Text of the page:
Perbezaan antara semakan "Sejarah fizik"

37,515 bait ditambah ,  14 tahun lalu
tiada ringkasan suntingan
 
Pada zaman purba, tindakan-tindakan dan sifat-sifat dunia biasanya diterangkan melalui tindakan [[Dewa|dewa-dewa]]. Akhirnya, penjelasan yang mengagak-agak telah dicadangkan; bagaimanapun kebanyakannya kini didapati salah, tetapi ini hanya merupakan sebahagian daripada sifat-sifat usaha penjelasan sistematik, dan teori-teori [[mekanik kuantum]] dan [[teori kerelatifan|kerelatifan]] yang moden juga dianggap hanya sebagai "teori-teori yang masih belum dibuktikan salah". Teori-teori fizik pada zaman purba biasanya dikemukakan dari segi [[falsafah]], dan jarang ditentusahkan melalui ujian [[uji kaji]] yang sistematik.
 
 
{{BI|History of physics}}
===Indian contributions===
{{See|Science and technology in ancient India}}
In [[Lothal]] (c. 2400 BC), the ancient [[port city]] of the [[Indus Valley Civilization|Harappan civilization]], shell objects served as [[compass|compasses]] to measure the angles of the 8&ndash;12 fold divisions of the horizon and sky in multiples of 40&ndash;360 degrees, and the positions of stars. <ref name="time1"> {{cite web|url=http://www.adj.si/Main/MejnikiVAstronomiji |title=Astronomsko društvo JAVORNIK |accessdate=2007-01-12 |date=2006-06-27 }}</ref> In the late [[Vedic civilization|Vedic era]] (c. [[9th century BC|9th]]&ndash;[[6th century BC]]), the [[Astronomer|astronomer]] [[Yajnavalkya]], in his ''[[Shatapatha Brahmana]]'', referred to an early concept of [[heliocentrism]] with the Earth being round and the Sun being the "centre of spheres". He measured the distances of the Moon and the Sun from the Earth as 108 times the diameters of these heavenly bodies, which were close to the modern values of 110.6 for the Moon and 107.6 for the Sun.<ref name='time2'> {{cite web|url=http://indicethos.org/Astronomy/ |accessdate=2007-01-12 |last=Vepa |first=Kosla |title=Indic Studies Foundation }}</ref> <!-- Note a better source could be found, as this infomation is pretty far down in this timeline. -->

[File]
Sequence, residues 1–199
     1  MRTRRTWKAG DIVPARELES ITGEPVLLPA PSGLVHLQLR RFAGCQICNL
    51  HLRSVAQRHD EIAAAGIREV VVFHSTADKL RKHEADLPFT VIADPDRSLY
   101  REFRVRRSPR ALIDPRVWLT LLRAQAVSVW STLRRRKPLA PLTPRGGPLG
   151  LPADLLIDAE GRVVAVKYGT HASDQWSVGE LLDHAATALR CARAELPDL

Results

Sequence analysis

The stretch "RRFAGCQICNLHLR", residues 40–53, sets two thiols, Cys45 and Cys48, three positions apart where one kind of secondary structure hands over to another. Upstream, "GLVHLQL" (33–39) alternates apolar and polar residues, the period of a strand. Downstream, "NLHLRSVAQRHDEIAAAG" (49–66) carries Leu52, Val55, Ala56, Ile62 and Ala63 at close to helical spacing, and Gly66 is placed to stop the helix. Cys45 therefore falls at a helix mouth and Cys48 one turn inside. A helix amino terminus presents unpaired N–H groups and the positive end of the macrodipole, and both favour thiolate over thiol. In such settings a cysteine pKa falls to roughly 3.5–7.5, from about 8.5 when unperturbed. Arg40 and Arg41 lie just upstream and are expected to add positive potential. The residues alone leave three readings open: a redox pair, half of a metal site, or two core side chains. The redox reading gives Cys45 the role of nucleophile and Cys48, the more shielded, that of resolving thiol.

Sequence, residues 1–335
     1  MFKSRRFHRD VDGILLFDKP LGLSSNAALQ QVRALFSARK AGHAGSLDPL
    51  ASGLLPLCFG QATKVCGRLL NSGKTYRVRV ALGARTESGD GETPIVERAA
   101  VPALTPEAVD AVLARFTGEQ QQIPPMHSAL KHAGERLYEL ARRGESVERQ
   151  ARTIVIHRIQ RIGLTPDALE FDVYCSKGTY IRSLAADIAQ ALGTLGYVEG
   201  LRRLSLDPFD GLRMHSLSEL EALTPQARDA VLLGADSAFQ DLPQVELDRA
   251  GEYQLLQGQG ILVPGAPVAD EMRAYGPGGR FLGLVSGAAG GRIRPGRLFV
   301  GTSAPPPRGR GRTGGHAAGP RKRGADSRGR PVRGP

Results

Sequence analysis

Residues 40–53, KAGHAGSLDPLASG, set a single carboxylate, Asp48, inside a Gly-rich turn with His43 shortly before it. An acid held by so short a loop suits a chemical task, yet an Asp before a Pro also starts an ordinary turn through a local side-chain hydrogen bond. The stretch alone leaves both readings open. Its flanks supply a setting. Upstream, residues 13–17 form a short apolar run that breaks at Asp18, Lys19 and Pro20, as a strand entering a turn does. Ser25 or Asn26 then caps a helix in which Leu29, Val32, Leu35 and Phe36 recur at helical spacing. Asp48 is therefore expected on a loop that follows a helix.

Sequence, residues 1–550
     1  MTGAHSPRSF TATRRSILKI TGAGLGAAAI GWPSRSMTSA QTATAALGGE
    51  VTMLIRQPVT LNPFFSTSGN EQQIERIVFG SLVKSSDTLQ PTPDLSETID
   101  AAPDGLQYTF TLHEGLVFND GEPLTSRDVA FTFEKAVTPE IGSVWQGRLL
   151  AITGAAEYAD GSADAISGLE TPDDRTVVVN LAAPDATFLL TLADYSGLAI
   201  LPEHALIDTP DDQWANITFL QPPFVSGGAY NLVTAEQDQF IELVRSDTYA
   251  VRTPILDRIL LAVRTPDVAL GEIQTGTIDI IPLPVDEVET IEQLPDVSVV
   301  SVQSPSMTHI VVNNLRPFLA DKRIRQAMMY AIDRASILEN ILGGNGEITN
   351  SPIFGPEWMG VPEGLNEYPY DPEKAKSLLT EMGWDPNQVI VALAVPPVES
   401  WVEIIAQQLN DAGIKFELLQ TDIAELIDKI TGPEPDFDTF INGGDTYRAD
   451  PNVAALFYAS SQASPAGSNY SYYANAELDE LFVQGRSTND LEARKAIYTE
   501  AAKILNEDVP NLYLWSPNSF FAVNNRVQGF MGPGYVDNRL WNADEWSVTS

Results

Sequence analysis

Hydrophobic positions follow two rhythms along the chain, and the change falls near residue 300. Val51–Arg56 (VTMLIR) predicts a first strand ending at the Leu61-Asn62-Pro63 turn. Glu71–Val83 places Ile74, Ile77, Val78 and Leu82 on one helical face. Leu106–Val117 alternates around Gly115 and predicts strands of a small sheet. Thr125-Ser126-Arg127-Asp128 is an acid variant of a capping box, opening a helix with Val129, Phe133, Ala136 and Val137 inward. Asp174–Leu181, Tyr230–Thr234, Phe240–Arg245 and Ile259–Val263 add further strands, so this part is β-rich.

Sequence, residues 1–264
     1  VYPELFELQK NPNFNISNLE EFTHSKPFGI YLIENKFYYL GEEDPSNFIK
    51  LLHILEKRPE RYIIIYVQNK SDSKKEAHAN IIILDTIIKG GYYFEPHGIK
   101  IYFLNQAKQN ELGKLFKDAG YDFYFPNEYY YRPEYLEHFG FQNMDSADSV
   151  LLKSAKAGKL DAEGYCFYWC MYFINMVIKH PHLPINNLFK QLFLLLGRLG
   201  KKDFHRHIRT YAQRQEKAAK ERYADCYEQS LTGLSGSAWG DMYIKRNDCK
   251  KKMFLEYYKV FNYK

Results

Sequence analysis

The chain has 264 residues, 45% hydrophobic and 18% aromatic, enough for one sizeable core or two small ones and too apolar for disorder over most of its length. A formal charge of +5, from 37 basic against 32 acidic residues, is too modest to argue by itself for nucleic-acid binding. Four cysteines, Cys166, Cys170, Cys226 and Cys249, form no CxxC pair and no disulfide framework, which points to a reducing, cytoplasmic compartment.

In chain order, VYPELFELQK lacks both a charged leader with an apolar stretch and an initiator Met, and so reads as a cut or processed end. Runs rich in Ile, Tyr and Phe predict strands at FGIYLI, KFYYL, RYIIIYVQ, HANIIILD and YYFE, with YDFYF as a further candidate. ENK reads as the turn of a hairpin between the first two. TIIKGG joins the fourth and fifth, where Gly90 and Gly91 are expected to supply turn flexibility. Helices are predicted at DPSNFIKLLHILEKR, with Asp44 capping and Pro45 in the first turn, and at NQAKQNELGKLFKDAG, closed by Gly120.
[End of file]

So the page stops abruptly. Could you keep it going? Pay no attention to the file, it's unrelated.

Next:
Indians in the Vedic era classified the material world into five basic elements: earth, fire, air, water and [[Aether (classical element)|ether]]/space. <ref name='vedic1'> {{cite web|url=http://www.ncbi.nlm.nih.gov/books/bv.fcgi?rid=hstat1.section.95686 |title=Appendix A. Ayurveda's History, Beliefs and Practices |accessdate=2007-01-12 }}</ref> From the 6th century BC, they formulated systematic [[Atomic theory|atomic theories]], beginning with [[Kanada]] and [[Pakudha Katyayana]]. Indian [[atomism|atomists]] believed that an atom could be one of up to 9 elements, with each element having up to 24 properties. They developed detailed theories of how atoms could combine, react, vibrate, move and perform other actions, as well as elaborate theories of how atoms can form binary molecules that combine further to form larger molecules, and how particles first combine in pairs, and then group into trios of pairs, which are the smallest visible units of matter.<ref name='vedic1'/> This parallels with the structure of [[Elementary particle|modern atomic theory]], in which pairs or triplets of supposedly fundamental quarks combine to create most typical forms of matter. They had also suggested the possibility of splitting an atom, which as we know today, is the source of [[atomic energy]].{{cn}}
 
The [[principle of relativity]] (not to be confused with [[Einstein]]'s [[theory of relativity]]) was available in an embryonic form since the 6th century BC in the ancient Indian philosophical concept of "''sapekshavad''", literally "''theory of relativity''" in [[Sanskrit]].